2013 is proving itself to be the Year of the Writer/Director. Shane Carruth gave us his sophomore effort, Upstream Color. Jeff Nichols dazzled audiences with Mud while Derek Cianfrance gave us an intense crime film about fathers and sons in The Place Beyond the Pines. And now, in the waning days of the summer blockbuster season, Ryan Coogler gives us his feature film debut, a 90-minute gut punch of an indie movie, called Fruitvale Station.
Based on a true story, the film chronicles the final day in the life of Oscar Grant (Michael B. Grant), a 22-year-old African American man from Oakland who was killed by transit cops in San Francisco during a 2008 New Year’s Eve skirmish on a subway platform. To establish its non-fiction credentials, Fruitvale Station opens with real footage of the incident shot on a cell phone from a subway train. The dull crack of a handgun discharging sends a murmur through the crowd of bystanders, and before the opening credits roll, the audience knows that something has gone terribly wrong.
To its credit, Fruitvale Station does not canonize Oscar Grant, and his life is unveiled on the screen, warts and all. Oscar has served time in prison, but still keeps marijuana stashed in his bedroom. He can’t get to work on time and conceals the fact that he lost his job two weeks earlier. He’s a loving father to his daughter, Tatiana, but continues to fail his girlfriend, Sophina (Melonie Diaz) and his mother, Wanda (Octavia Spencer). He seems like a good guy who can’t get his act together and join the rest of the grown-ups in the real world. We know people of all races who are just like Oscar, and the familiarity makes the film resonate all the more.
We follow Oscar through his efforts to get his job back and plan a birthday dinner for his mother. Along the way, he silently renounces a life of selling drugs and throws a bag of marijuana in the ocean. Oscar and Sophina plan a night of partying and fireworks in San Francisco to ring in the New Year. We know it’s a celebration that he will never return home from.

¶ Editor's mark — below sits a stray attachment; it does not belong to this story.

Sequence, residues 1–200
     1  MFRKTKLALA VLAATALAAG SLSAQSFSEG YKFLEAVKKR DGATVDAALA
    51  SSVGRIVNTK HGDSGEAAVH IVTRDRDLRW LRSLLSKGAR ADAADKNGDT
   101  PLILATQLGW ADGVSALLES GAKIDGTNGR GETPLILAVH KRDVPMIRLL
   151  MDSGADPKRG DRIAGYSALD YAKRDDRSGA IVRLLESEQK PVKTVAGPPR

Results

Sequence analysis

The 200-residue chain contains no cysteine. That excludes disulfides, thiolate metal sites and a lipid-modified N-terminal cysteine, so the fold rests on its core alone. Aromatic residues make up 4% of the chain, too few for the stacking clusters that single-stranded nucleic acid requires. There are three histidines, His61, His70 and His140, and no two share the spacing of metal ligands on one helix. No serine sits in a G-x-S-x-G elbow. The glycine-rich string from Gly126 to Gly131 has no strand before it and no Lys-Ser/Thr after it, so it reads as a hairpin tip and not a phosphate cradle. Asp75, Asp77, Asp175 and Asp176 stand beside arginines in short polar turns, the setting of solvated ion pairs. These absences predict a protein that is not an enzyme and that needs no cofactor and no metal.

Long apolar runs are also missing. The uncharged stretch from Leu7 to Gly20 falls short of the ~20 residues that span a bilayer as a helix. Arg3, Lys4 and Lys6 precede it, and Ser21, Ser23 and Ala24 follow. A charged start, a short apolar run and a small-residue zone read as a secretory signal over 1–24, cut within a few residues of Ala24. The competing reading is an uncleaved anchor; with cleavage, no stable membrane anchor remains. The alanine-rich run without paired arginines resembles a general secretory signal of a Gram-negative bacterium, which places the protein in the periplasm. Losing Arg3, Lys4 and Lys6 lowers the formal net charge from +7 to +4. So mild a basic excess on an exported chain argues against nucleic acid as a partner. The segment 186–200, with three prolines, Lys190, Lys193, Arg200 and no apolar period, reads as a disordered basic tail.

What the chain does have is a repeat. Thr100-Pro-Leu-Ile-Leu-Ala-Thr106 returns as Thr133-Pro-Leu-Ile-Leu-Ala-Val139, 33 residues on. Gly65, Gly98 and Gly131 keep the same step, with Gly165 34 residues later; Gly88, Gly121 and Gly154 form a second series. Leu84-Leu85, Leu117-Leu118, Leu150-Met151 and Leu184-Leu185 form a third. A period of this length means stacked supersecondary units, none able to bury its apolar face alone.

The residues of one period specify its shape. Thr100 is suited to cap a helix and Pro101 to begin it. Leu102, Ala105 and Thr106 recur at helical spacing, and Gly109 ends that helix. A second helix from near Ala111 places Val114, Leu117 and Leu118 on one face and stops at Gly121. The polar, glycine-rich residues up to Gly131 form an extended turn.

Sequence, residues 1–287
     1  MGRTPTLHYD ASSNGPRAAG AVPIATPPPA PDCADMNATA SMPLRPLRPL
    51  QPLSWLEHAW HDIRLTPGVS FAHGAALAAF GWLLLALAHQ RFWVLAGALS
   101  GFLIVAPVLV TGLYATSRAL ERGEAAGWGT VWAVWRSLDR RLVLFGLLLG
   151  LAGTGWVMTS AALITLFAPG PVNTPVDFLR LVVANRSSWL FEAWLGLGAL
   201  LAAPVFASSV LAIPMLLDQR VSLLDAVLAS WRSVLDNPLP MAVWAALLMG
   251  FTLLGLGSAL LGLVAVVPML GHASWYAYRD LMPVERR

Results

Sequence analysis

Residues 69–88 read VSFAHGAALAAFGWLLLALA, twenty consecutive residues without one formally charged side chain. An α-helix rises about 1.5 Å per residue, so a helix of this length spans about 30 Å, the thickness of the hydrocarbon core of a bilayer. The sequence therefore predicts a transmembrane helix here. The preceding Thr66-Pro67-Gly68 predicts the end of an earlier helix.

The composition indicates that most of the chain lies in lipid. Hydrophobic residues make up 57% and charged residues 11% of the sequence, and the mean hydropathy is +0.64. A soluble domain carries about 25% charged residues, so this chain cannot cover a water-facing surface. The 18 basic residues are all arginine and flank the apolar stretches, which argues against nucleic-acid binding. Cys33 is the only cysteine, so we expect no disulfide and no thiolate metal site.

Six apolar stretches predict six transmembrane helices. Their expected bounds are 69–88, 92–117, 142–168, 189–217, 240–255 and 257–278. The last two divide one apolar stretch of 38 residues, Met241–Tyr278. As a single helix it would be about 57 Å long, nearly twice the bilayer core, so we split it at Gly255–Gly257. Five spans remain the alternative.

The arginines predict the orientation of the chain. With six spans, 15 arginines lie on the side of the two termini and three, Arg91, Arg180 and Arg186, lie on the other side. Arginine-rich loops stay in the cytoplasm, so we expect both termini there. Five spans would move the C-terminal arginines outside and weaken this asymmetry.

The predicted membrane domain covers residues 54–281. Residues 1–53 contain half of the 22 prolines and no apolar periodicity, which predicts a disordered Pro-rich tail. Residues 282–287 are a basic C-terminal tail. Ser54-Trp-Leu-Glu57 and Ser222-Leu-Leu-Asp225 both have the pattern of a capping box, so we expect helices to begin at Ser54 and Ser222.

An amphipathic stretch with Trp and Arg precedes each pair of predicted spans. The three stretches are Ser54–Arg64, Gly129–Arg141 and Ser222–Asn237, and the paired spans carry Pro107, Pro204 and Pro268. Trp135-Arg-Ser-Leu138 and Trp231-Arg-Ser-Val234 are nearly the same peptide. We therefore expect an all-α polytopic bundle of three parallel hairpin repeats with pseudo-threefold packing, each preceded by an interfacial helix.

The performances in Fruitvale Station are uniformly excellent. Michael B. Jordan portrays a man who is both troubled and affable, someone who sees his shortcomings and genuinely wants to do better. In a lesser performance, Oscar Grant might have seemed like a street hustler looking to get over on people while pursuing a low-level life of crime. The nuances of Michael B. Jordan’s work avoid these pitfalls. His Oscar Grant is charming and frustrating, a real man with potential who wants to stop making bad choices.
Octavia Spencer proves that her Oscar win for The Help was no one-hit wonder. She gives Wanda a quiet power and resolve that can command an entire room. Her scenes visiting Oscar in prison and at the hospital after Oscar’s shooting are both heart-breaking and inspiring. It’s difficult to know how much of a film is based on truth, but Octavia Spencer presents Wanda as a woman of faith who believes in a better life for her family than the one they find themselves living. Spencer makes the most of her minutes on screen, and it’s her performance that will stay with you for days after you’ve left the theater.
Despite all of these accolades for the cast, Fruitvale Station has its problems as a film. The foreshadowing of Oscar’s death is a bit heavy-handed. His goodbyes with his daughter and his mother as he heads out for a night of partying in San Francisco seem more protracted than they would have been. He expresses reservations about going out and suggests to Sophina that they simply stay home instead. The audience is made to wonder what life might have been like if she had agreed. As he fills his car at a local gas station, a stray dog is hit by a car and lies bleeding on the pavement just as Oscar will be a mere twelve hours later.
These lapses seem to be a desire by Ryan Coogler to give us symbolism and metaphors in a film that simply doesn’t need them. The story of Oscar Grant’s final hours is powerful without these narrative devices. In fairness, the writer/director had no way of knowing that his film would debut a mere week after the Trayvon Martin verdict, exponentially increasing its impact on audiences.
In a summer of overblown budgets and bloated running times at the multiplex, Fruitvale Station is a lean, mean reminder of the state of race relations in this country, the power wielded by law enforcement and how a simple incident can have deadly consequences when firearms are involved. Its matter-of-fact tone hits on these political hot buttons without ever preaching to its audience. Fruitvale Station exposes our larger societal problems by simply focusing on one man who wanted to turn his life around and was never given the chance.
8.5 out of 10
The Movie Isle
Scott Phillips holds a degree in print journalism from the University of Georgia and is currently a member of the Georgia Film Critics Association (GAFCA). In addition to his role as a correspondent for Timed Edition, Scott serves as the Executive Editor and Senior Writer for themovieisle.com. From 2013 through 2017, he reviewed films for filmdispenser.com. Along with his duties as a critic, Scott serves as the Content Programmer for the Way Down Film Festival held in Columbus, Georgia every fall.